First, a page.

By Colin Todhunter – The Global Research, 3 April 2016
The proportion of deaths due to cancer around the world increased from 12 percent in 1990 to 15 percent in 2013. Globally, cancer is already the second-leading cause of death after cardiovascular diseases.
In India, government data indicates that cancer showed a 5 percent increase in prevalence between 2012 and 2014 with the number of new cases doubling between 1990 and 2013. The incidence of cancer for some major organs in India is the highest in the world. Reports have also drawn attention to rising rates of breast cancer in urban areas, and, in 2009, there was a reported increase in cancer rates in Tamil Nadu’s textile belt, possibly due to chemically contaminated water.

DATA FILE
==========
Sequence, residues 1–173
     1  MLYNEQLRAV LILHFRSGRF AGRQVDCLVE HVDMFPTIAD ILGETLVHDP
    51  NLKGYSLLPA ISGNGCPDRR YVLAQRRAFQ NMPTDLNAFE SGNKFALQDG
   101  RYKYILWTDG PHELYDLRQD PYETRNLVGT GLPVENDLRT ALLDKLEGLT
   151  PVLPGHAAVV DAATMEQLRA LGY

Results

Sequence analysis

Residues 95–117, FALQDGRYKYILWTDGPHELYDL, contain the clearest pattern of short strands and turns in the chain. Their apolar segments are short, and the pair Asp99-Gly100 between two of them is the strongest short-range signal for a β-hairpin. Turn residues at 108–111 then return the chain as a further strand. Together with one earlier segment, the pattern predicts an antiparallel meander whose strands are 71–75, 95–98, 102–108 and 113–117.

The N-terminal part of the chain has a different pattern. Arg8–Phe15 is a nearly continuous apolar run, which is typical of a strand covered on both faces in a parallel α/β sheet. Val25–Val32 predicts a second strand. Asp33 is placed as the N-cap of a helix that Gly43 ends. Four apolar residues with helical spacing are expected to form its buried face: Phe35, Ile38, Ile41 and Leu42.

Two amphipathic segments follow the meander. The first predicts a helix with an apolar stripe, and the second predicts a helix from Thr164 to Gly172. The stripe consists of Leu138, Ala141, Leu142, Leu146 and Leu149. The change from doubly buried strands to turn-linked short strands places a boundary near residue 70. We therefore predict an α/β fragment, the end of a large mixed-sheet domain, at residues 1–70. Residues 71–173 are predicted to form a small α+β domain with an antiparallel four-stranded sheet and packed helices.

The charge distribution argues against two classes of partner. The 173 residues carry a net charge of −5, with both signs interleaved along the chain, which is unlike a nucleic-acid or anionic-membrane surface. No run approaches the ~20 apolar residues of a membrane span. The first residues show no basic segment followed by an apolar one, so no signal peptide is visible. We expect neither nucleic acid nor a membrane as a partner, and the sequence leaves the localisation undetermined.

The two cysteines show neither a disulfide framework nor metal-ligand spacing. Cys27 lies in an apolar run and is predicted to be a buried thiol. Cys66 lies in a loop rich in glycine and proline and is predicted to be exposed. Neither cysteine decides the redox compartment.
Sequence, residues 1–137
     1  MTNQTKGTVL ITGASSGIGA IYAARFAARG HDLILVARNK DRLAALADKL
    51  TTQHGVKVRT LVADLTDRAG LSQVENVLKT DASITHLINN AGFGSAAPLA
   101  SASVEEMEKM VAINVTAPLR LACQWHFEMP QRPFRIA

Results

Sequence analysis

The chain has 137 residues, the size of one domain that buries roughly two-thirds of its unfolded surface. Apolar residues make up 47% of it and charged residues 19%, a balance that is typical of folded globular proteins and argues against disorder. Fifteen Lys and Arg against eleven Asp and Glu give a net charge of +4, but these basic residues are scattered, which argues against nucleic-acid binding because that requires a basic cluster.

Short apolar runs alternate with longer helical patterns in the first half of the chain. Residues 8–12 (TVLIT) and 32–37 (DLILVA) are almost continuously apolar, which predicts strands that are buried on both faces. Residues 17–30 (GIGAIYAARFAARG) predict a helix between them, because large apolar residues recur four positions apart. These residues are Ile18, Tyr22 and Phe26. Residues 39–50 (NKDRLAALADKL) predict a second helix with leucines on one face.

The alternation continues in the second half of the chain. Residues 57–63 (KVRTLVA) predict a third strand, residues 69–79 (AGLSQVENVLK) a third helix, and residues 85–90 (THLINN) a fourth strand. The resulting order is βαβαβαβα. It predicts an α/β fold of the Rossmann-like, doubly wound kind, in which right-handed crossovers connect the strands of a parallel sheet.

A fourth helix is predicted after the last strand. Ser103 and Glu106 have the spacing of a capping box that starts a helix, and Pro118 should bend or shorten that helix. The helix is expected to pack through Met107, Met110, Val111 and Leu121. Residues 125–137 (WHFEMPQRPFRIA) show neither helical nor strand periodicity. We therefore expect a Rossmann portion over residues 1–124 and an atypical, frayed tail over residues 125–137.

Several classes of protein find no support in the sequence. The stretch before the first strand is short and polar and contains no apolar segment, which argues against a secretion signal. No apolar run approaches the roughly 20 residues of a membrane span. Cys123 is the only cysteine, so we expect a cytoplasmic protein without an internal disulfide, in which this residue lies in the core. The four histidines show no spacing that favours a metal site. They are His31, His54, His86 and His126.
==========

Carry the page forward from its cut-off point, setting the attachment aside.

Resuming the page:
The increase in prevalence of diabetes is also worrying. By 2030, the number of diabetes patients in India is likely to rise to 101 million (World Health Organisation estimate). The number doubled to 63 million in 2013 from 32 million in 2000. Almost 8.2 percent of the adult male population in India has diabetes. The figure is 6.8 percent for women.
In India, almost 76,000 men and 52,000 women in the 30-69 age group died due to diabetes in 2015, according to the WHO. The organisation reports South-East Asia had a diabetic population of around 47 million, which is expected to reach 119 million by 2030.
A new study in The Lancet has found that India and China continue to have the largest number of underweight people in the world; however, both countries have broken into the top five in terms of obesity.